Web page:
All customer classes are obligated to pay this charge. The initial rider will be based on $0.33 per megawatt-hour (MWh). 

The rider will have an immediate effective date upon being implemented by the TDU. 

It’s not known at this time how long the charge will exist. In its Order, the PUCT has reserved the right to supplement and/or modify the relief program by a subsequent order.

This is something we’re monitoring closely, so check back with The Current or sign up to learn more as it happens. 

ERCOT: ERS program criteria to remain in 2020 – Market Minute (Video)

 



In a recent letter to Qualified Scheduling Entities in Texas, ERCOT asserted that while the grid operator is sensitive to the distress organizations are feeling due to the current pandemic, ERCOT does NOT have the authority to alter the criteria applicable to Emergency Response Service (ERS) resources currently under contract.

If your organization is currently participating in the ERS program in 2020, you will be contractually obligated to perform under the program’s established criteria. 

Some organizations in Texas are asking what happens if they can’t perform DR due to the COVID-19 pandemic. 

ERCOT has stated that it DOES have the discretion to “consider mitigating factors, including Force Majeure Events, that may have impacted ERS event performance or availability when determining whether to suspend a QSE or ERS Resource that fails to meet performance or availability criteria.”

ERS participants who think they may be unable to adequately provide ERS resources as contracted should contact their Curtailment Service Provider to discuss their situation.

If you have any questions about this or any other Texas related energy question, contact CPower and we’ll help you in any way we can.

2020 State of Demand-Side Energy Management in North America

March 25, 2020
Last year, nearly 2000 organizations nationwide downloaded the State of Demand-Side Energy Management in North America book by CPower’s energy experts.
This year, we pick up where we left off with a market-by-market analysis of the issues, trends, and regulations organizations like yours should understand in 2020 to make better decisions about your energy use and spend.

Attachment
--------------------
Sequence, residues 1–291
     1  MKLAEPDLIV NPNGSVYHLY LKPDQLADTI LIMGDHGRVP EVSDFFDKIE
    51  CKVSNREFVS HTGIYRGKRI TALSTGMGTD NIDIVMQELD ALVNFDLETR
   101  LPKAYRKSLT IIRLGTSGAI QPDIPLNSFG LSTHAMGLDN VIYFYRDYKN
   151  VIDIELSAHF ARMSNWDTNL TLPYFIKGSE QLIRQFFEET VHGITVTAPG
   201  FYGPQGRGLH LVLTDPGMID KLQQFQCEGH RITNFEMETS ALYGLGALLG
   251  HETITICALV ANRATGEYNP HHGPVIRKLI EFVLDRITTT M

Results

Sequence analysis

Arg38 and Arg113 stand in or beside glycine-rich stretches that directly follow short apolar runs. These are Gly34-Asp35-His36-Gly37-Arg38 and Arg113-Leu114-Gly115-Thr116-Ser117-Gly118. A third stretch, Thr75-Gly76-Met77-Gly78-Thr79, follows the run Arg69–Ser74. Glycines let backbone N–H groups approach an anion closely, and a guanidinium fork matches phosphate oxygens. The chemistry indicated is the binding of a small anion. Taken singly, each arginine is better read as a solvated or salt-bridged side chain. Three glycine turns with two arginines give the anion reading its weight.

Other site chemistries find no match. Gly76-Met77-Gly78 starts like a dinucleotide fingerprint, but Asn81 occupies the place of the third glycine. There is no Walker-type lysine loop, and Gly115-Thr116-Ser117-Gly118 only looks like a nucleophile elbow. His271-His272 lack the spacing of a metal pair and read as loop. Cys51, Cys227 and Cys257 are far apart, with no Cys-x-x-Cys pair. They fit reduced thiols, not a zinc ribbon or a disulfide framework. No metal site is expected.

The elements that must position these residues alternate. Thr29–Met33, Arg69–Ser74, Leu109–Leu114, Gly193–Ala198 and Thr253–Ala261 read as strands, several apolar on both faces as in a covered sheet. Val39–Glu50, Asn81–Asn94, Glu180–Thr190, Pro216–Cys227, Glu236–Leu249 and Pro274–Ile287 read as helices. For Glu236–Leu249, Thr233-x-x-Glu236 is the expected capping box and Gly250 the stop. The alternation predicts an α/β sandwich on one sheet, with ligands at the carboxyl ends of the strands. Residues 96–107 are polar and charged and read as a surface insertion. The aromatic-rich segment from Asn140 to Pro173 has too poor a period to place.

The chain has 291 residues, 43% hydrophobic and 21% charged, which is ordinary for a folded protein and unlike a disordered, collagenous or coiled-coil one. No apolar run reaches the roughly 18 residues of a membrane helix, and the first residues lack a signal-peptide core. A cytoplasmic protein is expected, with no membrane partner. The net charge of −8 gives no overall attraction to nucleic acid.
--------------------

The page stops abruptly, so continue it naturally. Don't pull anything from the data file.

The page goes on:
ERCOT’s Protocol for Dispatching Demand-Side Resources

March 24, 2020

As the state’s grid operator, ERCOT maintains a sophisticated system of levers and triggers that dispatch increasingly potent demand-side resources designed to help maintain balance when the demand for electricity outpaces the grid’s ability to supply it. 

Understanding ERCOT’s system provides a context to help understand not only how demand-side resources are used in Texas, but also which of the demand response programs might be best for a given organization. 

ERCOT’s arsenal for grid defense

When the grid is stressed, ERCOT takes the following steps to avoid blackouts across the state:

Real Time Pricing–this relies on basic economics to deter electricity consumption. As demand rises and approaches the reserve margin, prices start to rise. Large consumers monitor the real time price and determine it’s more economically sound to stop consuming (and producing in the commercial sector) given the escalating electricity prices.

If demand continues to rise…

4CP–At any given point, there are about 1,500 MW of “peak-chasing” load that can be curtailed by a collection of consumers seeking to lower their 4CP charges the following year. Typically, this load will come off the grid between 3-6pm during the hottest days of the year. 

 If demand continues to rise…

Utility Demand Response Programs–Utilities (Oncor, CenterPoint, et al.) have roughly 200 MW that can be called for a three-hour dispatch. 

 If demand continues to rise…

Voluntary Curtailments–when demand infringes the 3,000 MW mark of the reserve margin, ERCOT issues a series of public address announcements urging consumers to voluntarily shed their load.

 If demand continues to rise…

Energy Emergency Alert 1 (EEA1)–ERS 30 demand response resources are called. 

 If demand continues to rise…

Energy Emergency Alert 2 (EEA2)–ERS 30, ERS 10, and Load Resources are called. 

 If demand continues to rise…

Rolling blackouts–ERCOT will instruct utilities to rotate power outages in an effort to avoid statewide blackouts.


This post was excerpted from the 2020 State of Demand-Side Energy Management in North America, a market-by-market analysis of the issues and trends the experts at CPower feel organizations like yours need to know to make better decisions about your energy use and spend.

CPower has taken the pain out of painstaking detail, leaving a comprehensive but easy-to-understand bed of insights and ideas to help you make sense of demand-side energy’s quickly-evolving landscape.

Download Your Copy

SOTM 2019 Webinar Series

August 08, 2019
60 minutes with CPower Experts. Energy Insights to Plan Your Year. At CPower, we know that running your organization’s…